Joan Shirley’s 1989 comedy belongs to a very British genre about respectable people doing naughty things in a good cause, but predates the most obvious comparison, Calendar Girls, by a decade.
Glenda’s husband Robert has given up a high-flying executive career to become a vicar after miraculously emerging unscathed from a car crash, leaving her dislocated from the lifestyle to which she had been accustomed.
When Robert goes off on a month-long course, local lottery winner Joe Carpenter (a name with an oddly Biblical ring) pops round to suggest that Glenda turns her house into a temporary brothel so that she and her equally cash-strapped friends can make a quick killing by entertaining a party of visiting American businessmen.
The play never rises above the fundamental implausibility and, I have to say, essential grubbiness of this idea.
The characters might be more sympathetic if their situation was more desperate, but it seems we are in a corner of England where poverty means struggling to keep up the private school fees, while Robert and Glenda’s reduced circumstances still look pretty luxurious to me.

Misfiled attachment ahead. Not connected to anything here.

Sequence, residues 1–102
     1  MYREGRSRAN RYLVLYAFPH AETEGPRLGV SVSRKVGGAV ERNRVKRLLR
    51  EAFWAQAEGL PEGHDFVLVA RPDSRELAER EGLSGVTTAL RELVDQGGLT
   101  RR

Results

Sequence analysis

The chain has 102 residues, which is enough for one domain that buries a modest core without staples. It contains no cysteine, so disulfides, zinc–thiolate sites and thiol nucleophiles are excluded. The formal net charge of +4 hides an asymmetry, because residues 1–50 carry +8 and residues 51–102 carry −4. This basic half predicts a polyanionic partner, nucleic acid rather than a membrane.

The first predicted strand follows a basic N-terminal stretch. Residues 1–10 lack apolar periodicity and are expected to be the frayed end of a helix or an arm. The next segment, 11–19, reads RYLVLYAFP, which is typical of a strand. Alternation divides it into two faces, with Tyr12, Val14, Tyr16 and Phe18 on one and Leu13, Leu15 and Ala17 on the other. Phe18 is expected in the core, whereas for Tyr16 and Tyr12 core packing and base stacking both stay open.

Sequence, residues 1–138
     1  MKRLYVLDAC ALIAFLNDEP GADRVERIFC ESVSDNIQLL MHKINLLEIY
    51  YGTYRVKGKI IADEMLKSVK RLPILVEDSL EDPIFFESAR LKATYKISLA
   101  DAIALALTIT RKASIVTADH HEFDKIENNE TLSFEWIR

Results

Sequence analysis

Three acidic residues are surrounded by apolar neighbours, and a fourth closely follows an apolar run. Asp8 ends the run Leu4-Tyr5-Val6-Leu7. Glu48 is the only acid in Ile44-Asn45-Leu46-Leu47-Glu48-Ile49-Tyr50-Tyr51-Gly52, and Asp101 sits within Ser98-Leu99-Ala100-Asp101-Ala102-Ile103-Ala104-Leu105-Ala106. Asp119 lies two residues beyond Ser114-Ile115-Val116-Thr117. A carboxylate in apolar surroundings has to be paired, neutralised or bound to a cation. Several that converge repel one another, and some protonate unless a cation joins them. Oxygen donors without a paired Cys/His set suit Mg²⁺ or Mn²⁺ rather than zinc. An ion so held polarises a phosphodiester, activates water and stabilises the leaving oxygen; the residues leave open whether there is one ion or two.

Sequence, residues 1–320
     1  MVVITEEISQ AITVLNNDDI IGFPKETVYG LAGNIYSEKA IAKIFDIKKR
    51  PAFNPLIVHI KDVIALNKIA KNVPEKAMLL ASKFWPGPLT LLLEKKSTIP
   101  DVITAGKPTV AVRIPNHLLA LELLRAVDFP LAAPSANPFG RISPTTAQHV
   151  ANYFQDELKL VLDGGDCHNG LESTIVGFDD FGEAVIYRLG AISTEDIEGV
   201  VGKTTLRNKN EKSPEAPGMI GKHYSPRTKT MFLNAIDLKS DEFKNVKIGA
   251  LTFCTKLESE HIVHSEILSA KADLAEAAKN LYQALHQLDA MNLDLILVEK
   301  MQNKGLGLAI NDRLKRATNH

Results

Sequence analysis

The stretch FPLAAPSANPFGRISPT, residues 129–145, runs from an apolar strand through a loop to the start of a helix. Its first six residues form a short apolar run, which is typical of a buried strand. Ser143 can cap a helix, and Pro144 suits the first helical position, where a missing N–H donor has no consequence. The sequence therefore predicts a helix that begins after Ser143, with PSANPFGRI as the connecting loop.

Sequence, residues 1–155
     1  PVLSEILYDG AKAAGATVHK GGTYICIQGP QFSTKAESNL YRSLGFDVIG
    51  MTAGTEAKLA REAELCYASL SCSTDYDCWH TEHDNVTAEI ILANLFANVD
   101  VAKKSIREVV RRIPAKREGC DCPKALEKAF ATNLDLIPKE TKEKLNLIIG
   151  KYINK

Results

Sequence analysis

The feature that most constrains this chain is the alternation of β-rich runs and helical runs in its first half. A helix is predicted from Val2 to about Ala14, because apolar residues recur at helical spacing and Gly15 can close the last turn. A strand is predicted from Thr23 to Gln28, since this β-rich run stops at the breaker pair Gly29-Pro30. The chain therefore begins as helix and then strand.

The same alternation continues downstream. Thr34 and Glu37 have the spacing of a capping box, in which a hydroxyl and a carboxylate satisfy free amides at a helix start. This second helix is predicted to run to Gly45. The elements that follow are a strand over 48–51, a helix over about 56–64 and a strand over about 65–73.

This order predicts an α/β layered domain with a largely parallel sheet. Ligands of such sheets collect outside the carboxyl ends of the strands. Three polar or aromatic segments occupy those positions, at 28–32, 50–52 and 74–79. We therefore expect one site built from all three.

A lot of effort has gone into staging this cringeworthy play and I did find myself warming to Suzie Chard’s performance as the play’s unlikeliest hooker, a woman struggling to run a farm while bringing up five children. Danielle Johnson is also strangely convincing as the group’s professional adviser.
On the other hand Nicola Weeks, as a backpacking American teenager, is seriously irritating and the play is at its least sufferable when it tries to get serious and preachy about her fledgling relationship with Joe.
But this middle play in the summer season from Ian Dickens Productions drew a big audience to the Grand and it appeared to be enjoying itself.
* Running time: Two hours, 40 minutes. Until Saturday. Also at the Lichfield Garrick from October 6.